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EnterpriseDB: View DB Logs
Oracle Tips by Burleson
 

The View Log page (Figure 6.10) allows you to see the actual instance log file.  From this page, you can view the log file for any cluster you have configured in the DBA Management Server (even on remote servers).  This is a huge ease of use feature that other vendors would do well to emulate. 

Figure 6.10: View Database Log

View Audit Logs

The View Audit Report page (Figure 6.11), is the audit version of the View Log page.  You can choose the cluster to view and set the filter options.  You can choose any of the check boxes or you can select the Advanced Filtering link to filter by User, Database, or timestamp.

Figure 6.11: View Audit Log

SQL

You will probably do most of your querying in Developer Studio (or at least that is what I would recommend) but when you are working in the DBA Management Server, it's nice to have easy access to a simple query window.   iQuery provides that for you and the Query Profiler can give you an idea about the queries currently executing in your database.

iQuery

iQuery (Figure 6.12) is a basic SQL editor.  You can run SQL command or an anonymous block.  From an anonymous block you can call stored procedures.  The output will appear on the Data Output tab and any messages and errors will appear on the Messages tab.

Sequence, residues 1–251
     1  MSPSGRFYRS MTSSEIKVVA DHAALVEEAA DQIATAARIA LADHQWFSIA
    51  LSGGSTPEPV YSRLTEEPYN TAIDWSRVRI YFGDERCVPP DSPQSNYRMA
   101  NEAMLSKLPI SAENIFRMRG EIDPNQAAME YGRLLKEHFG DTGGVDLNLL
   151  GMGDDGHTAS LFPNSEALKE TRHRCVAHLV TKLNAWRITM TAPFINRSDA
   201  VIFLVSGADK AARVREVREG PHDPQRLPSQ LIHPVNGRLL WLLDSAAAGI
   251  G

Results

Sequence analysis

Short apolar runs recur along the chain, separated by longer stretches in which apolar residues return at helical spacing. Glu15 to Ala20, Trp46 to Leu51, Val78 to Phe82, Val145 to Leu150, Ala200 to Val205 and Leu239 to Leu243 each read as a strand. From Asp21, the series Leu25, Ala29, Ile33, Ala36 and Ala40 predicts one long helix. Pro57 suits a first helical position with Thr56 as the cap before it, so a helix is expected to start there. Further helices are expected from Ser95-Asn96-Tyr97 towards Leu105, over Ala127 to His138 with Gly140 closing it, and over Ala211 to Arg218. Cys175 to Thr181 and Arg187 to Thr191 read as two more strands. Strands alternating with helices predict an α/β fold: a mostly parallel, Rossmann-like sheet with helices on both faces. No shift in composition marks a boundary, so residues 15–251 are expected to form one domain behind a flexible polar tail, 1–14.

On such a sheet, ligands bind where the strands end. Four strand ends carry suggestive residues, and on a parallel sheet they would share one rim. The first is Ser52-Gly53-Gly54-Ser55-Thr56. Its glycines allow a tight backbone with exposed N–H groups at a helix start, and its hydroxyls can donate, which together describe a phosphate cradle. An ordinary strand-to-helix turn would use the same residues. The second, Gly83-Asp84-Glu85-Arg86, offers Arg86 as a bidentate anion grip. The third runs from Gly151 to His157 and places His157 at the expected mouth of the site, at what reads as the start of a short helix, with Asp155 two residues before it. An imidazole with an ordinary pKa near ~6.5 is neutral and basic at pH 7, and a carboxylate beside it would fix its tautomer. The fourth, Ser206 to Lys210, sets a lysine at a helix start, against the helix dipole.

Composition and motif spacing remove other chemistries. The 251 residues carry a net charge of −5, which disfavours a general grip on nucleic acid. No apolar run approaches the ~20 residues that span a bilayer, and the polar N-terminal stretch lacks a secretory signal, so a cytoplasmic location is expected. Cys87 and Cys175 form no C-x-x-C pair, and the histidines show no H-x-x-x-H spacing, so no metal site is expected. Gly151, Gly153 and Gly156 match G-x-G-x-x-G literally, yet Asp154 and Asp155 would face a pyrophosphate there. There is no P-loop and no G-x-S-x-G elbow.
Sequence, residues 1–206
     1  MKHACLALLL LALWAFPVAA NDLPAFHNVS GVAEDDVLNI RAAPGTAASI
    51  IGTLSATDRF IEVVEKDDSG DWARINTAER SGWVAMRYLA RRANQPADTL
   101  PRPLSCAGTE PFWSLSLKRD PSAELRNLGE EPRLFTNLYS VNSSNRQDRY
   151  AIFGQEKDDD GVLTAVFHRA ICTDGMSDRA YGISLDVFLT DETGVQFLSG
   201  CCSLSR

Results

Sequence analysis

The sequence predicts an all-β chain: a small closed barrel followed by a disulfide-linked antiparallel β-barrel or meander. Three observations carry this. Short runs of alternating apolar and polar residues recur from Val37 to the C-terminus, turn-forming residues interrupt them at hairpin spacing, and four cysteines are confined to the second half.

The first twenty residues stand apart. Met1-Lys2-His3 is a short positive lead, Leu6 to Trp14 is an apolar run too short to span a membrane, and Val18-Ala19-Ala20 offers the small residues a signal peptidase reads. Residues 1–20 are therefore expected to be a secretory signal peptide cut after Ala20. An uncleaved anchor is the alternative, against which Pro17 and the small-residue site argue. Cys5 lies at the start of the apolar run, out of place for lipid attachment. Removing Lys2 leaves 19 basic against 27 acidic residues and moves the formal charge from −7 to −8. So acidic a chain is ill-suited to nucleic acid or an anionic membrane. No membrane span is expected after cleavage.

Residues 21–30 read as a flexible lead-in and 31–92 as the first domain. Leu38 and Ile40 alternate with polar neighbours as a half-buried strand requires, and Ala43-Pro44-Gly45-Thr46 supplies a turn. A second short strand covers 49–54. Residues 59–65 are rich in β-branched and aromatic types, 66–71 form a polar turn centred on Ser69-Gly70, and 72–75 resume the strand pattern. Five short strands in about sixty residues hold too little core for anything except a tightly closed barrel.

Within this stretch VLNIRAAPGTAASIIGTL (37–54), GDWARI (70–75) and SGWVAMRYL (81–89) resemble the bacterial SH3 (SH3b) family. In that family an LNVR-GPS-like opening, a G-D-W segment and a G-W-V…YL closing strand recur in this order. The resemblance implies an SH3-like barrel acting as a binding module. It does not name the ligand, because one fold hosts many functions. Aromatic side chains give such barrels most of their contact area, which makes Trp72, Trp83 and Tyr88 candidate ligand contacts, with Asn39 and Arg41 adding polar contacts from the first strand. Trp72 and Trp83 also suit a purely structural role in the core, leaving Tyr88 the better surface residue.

Figure 6.12: Interactive Query Window (iQuery)

Query Profiler

The Query Profiler (Figure 6.13) is a bit like a Top report.  The Query Profiler analyzes the log file and aggregates SQL calls. You can sort the output by the number of times run, the total execution time and the average execution time.

You can also choose if you want to see all DML or you can select individual types of DML.

Figure 6.13: Query Profiler

Scheduler

The Scheduler allows you to create PL/pgSQL or SPL anonymous blocks and schedule them to run at a pre-defined interval.  The anonymous blocks may call other stored procedures and may perform DML.

For the example below, I am going to create a small table.  I will schedule an insert into the table and verify the schedule is working by checking the values in the table and by checking the schedule log.

The sample table is:

CREATE TABLE schedule_test (
     msg_text       VARCHAR2(50),
     date_and_time  DATE);


     

This is an excerpt from the book "EnterpriseDB: The Definitive Reference" by Rampant TechPress.

  
 

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